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Taiwan Business

Hidden champions of the island

Most of the successful companies on the island are small or medium-sized enterprises and the authorities are keen to develop them further

Hidden champions can be defined as small companies that are little known by the rest of the world but go on to be successful.

The term was coined by Hermann Simon, a German author and businessman, who first used it to describe the small, highly specialised German businesses that went on to dominate the global market. According to Simon, a hidden champion should fulfil three criteria: it should “[be] one of the top three in its market or number one in its continent, [have] a revenue of less than US$ 5 billion and not [be] well known [by the] general public”.1

There are about 2,700 extremely successful companies around the world that are referred to as “hidden champions” and roughly half of them are German.2 Unlike large, publicly listed companies, which are often the subject of news reports, hidden champions, as their name would suggest, are rarely in the public eye. Their modest reputations, however, do not equal complete anonymity, as they are usually known, admired or even feared within their own industries. But for companies with global market shares of over 50 per cent,3 hidden champions are relatively unknown.  

Hidden champion values

Most of the island’s most successful companies are small or medium-sized enterprises (SMEs). In 2017 SMEs had up to a 97.7 per cent market share based on number of enterprises, and up to 14.2 per cent based on export sales value.4 SMEs play an important role in the island’s economy. Owing to the special status of SMEs on the island, many hidden champions have flourished.

In 2017 Hermann Simon attended the Gurus Forum on the island and gave a keynote speech about the secrets of hidden champions’ growth in the world. Based on years of observation, he highlighted some company values that hidden champions usually share. These included extremely ambitious goals, a company mission combined with exceptional products and knowledge, strategies for globalisation, a strong research and development team and capable employees and leaders.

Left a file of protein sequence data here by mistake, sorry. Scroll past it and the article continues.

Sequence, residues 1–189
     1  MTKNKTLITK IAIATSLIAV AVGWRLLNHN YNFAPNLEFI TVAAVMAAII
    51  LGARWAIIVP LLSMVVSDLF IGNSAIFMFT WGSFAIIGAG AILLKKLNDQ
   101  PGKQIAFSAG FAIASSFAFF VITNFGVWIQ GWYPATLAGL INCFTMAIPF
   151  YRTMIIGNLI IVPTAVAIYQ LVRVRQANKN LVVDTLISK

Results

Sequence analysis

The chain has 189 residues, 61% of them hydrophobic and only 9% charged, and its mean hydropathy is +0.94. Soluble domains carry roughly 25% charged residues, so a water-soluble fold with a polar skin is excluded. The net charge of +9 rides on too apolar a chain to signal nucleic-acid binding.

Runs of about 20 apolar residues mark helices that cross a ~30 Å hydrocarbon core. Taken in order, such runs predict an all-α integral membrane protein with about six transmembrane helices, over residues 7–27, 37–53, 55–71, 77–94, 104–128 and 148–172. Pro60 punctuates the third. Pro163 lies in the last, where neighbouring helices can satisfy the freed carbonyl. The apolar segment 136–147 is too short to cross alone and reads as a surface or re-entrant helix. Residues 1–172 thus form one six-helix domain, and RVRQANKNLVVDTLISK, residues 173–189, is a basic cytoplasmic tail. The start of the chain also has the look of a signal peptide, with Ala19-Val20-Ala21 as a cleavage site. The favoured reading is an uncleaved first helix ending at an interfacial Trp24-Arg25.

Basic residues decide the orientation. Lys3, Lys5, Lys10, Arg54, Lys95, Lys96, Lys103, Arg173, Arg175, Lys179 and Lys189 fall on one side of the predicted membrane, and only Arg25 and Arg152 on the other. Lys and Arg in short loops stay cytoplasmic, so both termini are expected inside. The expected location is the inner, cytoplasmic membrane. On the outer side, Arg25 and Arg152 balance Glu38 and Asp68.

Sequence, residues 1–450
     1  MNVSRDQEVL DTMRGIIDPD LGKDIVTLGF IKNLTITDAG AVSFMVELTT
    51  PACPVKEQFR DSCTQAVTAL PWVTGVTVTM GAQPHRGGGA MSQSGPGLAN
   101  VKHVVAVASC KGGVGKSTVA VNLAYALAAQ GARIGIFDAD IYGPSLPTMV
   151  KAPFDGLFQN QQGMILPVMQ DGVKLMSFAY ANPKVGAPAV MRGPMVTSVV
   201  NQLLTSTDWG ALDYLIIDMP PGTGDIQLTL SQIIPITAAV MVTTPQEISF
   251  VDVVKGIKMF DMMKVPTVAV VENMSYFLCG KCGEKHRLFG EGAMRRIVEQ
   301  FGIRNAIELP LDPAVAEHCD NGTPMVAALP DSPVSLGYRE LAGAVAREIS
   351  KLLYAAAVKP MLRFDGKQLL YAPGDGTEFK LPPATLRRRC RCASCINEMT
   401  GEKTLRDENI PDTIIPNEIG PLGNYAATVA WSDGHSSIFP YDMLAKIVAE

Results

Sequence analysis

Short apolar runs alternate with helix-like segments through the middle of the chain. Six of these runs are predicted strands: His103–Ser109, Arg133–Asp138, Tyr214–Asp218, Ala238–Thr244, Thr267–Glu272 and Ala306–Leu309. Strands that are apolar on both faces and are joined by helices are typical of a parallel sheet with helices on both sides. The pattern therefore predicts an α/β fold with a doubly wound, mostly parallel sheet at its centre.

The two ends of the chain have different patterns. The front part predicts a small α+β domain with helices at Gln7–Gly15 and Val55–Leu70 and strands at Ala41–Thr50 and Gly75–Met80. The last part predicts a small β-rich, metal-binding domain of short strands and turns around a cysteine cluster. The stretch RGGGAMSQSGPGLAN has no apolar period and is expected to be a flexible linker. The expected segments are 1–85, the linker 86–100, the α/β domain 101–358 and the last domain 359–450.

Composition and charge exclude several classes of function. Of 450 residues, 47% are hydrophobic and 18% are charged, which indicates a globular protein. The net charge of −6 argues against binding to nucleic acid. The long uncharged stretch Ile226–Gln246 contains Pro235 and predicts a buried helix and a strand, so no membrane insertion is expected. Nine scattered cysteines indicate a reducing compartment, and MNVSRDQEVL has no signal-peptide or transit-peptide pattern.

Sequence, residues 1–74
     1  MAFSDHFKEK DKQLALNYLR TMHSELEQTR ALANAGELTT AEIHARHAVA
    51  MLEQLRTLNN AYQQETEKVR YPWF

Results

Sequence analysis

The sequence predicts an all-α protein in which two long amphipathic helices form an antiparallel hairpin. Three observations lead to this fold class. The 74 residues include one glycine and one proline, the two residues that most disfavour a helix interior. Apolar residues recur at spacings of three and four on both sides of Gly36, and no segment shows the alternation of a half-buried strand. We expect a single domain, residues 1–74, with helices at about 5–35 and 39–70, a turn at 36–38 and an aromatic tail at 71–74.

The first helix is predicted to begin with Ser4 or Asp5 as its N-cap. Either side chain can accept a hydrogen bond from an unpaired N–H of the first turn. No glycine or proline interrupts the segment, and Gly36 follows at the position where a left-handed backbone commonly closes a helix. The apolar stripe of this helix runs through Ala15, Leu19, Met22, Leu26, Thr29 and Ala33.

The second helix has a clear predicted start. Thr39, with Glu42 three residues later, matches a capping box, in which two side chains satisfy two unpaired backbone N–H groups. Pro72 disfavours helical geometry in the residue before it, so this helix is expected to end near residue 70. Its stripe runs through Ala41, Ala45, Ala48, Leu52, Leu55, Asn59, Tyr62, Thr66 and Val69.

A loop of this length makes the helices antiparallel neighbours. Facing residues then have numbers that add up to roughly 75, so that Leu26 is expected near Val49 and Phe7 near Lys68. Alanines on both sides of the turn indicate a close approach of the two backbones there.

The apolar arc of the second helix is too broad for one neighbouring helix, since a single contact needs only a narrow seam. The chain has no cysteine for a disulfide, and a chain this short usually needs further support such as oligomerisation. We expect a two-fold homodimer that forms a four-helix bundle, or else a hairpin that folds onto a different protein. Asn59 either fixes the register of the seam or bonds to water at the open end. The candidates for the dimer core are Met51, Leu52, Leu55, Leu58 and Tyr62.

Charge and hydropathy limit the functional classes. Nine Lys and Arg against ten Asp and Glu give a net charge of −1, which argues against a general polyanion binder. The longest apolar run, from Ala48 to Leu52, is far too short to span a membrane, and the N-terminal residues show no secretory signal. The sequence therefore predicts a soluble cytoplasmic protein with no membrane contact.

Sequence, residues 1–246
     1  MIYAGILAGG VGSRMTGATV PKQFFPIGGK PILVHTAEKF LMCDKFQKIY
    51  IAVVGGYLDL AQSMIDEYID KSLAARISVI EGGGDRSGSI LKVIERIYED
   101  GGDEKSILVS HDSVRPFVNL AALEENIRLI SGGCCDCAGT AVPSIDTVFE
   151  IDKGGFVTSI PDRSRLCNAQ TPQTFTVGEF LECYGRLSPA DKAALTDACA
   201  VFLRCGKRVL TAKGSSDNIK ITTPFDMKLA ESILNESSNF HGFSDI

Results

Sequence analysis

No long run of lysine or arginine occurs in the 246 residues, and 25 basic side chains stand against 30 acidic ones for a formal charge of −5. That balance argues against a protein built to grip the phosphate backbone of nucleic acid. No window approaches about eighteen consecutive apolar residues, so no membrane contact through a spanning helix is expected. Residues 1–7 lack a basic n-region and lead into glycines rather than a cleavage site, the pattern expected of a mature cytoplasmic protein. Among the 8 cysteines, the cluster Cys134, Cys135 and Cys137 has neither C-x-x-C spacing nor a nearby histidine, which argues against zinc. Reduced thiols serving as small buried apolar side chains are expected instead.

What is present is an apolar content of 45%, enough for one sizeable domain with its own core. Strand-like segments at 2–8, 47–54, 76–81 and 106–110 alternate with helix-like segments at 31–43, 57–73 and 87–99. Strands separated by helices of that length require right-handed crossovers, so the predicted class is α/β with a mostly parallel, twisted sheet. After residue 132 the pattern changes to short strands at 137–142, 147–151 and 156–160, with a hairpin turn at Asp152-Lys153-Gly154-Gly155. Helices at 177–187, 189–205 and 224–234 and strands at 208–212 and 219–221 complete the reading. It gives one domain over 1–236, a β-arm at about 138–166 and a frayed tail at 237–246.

Support from the authorities

The authorities on the island recognise that it has the potential to develop SMEs into hidden champions. A number of manufacturers of bicycles, textiles, sporting goods and ceramic products have performed so well that they are close to being defined as hidden champions.

At the same time, efforts are being made to further bolster the development of SMEs by identifying role models to learn from and helping them recruit talent and raise funds.

Because of the island’s success and experience in developing SMEs, the Industrial Development Bureau published a book entitled Hidden Champions of Taiwan in January 2019 to reveal the success stories of hidden champions. According to the book, the island has many areas of industry that have cultivated hidden champions all over the world.

In 2017 SMEs had up to a 97.7% market share based on number of enterprises, and up to 14.2 based on export sales value.

Leading industries

According to the news platform Taiwan Today: “The island’s manufacturing output increased by 5.85 per cent year on year to NT$ 13.34 trillion (US$ 456.75 billion) in 2017 […]. The three leading contributors — accounting for more than 70 per cent of the total gain — were basic metals […] chemical materials […] and electronics components and parts.”5